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Men who develop erectile dysfunction (ED) often feel embarrassed, ashamed, and frustrated. The availability of good treatment and society's new openness have removed some of the stigma, but for many men, ED is still a heartbreaking affair. But if men a and their doctors a don't recognize ED as an important medical problem, the consequences may include a truly broken heart. That's because a man's ability to have an erection is often a barometer of his cardiovascular health.
Studies of men with ED
Not long ago, patients and their doctors called the problem "impotence" and viewed it as a psychological disorder. Now we know that only 15% of cases are caused by mental factors. Many now think of ED as a urological or endocrinological problem. It may be a but often it's much more. Even in men who have never had a twinge of chest pain, ED can mean a heart attack is in the wings.
A 2005 American study provides the best evidence. The subjects were 8,063 men ages 55 or older. When the study began in 1994, none of them had known coronary artery disease, but 3,816 (47%) had ED and another 2,420 (30%) developed the problem over the next five years. During eight years of careful observation, the men with ED were 1.5 times more likely to develop clinical manifestations of cardiovascular disease than were the men who had normal erectile function.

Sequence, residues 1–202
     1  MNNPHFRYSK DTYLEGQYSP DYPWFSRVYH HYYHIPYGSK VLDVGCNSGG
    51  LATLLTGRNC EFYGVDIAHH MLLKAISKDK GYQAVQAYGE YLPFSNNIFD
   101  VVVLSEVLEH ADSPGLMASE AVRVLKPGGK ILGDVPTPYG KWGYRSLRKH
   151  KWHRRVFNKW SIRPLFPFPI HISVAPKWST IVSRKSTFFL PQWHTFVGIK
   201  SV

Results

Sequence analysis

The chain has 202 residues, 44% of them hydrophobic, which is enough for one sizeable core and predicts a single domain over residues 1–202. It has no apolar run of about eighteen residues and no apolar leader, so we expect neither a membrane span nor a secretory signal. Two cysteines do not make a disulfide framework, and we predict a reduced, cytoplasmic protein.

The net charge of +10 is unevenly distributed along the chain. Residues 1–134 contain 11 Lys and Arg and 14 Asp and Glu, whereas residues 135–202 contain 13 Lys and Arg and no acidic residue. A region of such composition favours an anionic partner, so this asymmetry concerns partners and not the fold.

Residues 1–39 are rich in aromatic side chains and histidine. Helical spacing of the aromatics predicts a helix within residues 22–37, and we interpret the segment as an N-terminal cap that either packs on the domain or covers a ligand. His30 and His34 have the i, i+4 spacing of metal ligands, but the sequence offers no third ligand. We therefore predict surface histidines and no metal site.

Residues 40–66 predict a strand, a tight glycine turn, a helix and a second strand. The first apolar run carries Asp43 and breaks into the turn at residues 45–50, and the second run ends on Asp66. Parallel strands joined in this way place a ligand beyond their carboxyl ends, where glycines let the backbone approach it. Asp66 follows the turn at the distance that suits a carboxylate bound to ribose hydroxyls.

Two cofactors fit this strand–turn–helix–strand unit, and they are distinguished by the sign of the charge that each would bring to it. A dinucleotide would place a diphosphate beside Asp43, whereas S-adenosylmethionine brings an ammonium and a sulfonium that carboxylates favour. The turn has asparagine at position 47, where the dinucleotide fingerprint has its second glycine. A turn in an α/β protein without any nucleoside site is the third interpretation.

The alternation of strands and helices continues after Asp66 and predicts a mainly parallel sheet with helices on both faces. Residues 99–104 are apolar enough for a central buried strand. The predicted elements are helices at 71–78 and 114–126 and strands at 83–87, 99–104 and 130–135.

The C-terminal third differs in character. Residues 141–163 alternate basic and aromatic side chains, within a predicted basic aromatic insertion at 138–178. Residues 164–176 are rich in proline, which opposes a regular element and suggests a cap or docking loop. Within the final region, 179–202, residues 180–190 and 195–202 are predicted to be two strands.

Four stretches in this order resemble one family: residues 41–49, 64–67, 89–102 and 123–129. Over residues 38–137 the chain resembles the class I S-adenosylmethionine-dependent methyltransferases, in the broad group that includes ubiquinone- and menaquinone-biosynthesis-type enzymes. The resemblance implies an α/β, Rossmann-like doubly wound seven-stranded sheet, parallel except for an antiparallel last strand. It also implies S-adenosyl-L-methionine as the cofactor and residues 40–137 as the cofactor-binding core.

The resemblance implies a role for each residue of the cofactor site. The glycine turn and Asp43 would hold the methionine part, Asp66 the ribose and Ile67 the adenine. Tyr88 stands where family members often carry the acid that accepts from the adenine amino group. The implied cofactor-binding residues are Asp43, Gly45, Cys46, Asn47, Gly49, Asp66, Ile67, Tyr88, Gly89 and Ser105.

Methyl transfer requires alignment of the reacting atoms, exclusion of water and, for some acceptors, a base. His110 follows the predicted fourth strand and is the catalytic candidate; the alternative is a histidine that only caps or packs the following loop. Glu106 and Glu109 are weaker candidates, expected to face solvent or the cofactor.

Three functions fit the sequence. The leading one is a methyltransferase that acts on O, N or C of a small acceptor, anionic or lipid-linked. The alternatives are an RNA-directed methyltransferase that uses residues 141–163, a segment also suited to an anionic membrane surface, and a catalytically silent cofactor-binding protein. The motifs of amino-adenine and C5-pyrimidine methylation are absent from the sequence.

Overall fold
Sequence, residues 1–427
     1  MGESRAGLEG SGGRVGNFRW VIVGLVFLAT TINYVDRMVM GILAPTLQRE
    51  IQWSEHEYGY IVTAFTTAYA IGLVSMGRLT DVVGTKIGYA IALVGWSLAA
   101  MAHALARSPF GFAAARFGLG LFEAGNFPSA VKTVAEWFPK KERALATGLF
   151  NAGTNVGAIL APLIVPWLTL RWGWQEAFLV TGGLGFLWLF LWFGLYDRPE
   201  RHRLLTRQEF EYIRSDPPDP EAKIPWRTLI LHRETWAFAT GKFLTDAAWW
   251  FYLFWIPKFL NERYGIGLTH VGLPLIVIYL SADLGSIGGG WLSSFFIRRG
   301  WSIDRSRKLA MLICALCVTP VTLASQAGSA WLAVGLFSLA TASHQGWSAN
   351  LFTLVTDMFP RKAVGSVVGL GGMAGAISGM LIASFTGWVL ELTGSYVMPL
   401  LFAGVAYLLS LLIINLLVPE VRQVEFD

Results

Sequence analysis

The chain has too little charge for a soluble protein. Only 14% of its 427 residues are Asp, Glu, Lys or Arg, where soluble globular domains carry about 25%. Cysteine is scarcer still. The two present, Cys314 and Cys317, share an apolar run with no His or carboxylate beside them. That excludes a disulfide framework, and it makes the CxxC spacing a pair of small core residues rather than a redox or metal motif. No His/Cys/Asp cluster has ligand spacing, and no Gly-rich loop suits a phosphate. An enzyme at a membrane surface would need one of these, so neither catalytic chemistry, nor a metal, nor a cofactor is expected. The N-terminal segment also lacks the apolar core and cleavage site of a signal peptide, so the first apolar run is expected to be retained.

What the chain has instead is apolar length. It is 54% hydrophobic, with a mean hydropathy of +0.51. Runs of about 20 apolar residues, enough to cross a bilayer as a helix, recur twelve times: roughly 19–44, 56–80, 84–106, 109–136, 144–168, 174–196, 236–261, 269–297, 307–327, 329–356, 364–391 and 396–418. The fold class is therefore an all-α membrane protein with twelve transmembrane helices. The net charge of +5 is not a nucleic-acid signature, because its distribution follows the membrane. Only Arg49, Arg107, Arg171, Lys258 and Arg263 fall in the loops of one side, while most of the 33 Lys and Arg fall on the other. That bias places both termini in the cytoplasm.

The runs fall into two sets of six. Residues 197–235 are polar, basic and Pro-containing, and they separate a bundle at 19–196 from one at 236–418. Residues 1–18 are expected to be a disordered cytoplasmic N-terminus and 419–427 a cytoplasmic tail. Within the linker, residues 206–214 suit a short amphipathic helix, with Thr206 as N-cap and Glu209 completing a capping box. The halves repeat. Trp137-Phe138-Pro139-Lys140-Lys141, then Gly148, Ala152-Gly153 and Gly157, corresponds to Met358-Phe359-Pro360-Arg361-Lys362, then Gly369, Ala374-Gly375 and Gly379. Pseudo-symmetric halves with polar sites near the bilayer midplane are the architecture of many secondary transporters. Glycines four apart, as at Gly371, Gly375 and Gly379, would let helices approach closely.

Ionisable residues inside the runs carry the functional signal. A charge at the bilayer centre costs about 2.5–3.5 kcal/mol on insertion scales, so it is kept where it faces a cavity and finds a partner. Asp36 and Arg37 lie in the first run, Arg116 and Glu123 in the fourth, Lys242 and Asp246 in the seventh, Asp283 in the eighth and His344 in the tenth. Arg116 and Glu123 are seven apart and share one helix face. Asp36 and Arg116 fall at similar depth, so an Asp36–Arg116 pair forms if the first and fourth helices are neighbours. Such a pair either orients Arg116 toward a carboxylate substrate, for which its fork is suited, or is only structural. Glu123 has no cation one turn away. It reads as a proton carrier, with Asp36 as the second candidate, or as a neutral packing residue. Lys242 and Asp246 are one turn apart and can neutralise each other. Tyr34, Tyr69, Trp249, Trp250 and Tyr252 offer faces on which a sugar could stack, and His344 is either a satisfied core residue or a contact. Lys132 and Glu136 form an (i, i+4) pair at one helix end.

Other research agrees. Studies in 2003 and 2004 compared 12,825 men who had ED with an equal number with normal erections. After adjusting the results for the effects of age, smoking, obesity, and medication use, ED doubled a man's risk of heart attack, and it increased the risk of peripheral artery disease by 75%. A smaller but much more intensive …